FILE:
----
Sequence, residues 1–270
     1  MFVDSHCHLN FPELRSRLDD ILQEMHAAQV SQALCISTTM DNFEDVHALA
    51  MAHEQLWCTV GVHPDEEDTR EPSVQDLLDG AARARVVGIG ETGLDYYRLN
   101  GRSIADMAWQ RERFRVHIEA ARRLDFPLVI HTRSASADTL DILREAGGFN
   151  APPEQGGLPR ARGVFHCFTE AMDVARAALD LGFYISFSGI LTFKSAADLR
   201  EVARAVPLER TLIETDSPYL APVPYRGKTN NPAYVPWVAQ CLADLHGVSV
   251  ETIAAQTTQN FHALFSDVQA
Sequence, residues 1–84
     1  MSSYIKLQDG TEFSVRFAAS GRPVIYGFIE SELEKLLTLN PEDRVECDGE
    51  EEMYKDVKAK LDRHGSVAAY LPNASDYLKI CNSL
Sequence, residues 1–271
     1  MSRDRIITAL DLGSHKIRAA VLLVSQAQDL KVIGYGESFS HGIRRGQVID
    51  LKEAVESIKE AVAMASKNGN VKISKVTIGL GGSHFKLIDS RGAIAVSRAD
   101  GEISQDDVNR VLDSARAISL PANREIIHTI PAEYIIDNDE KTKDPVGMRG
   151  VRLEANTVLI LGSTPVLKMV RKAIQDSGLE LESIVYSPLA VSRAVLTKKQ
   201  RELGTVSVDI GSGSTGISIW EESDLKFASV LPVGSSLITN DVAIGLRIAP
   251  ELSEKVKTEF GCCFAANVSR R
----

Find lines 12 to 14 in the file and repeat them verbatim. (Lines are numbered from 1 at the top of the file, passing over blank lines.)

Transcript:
     1  MSRDRIITAL DLGSHKIRAA VLLVSQAQDL KVIGYGESFS HGIRRGQVID
    51  LKEAVESIKE AVAMASKNGN VKISKVTIGL GGSHFKLIDS RGAIAVSRAD
   101  GEISQDDVNR VLDSARAISL PANREIIHTI PAEYIIDNDE KTKDPVGMRG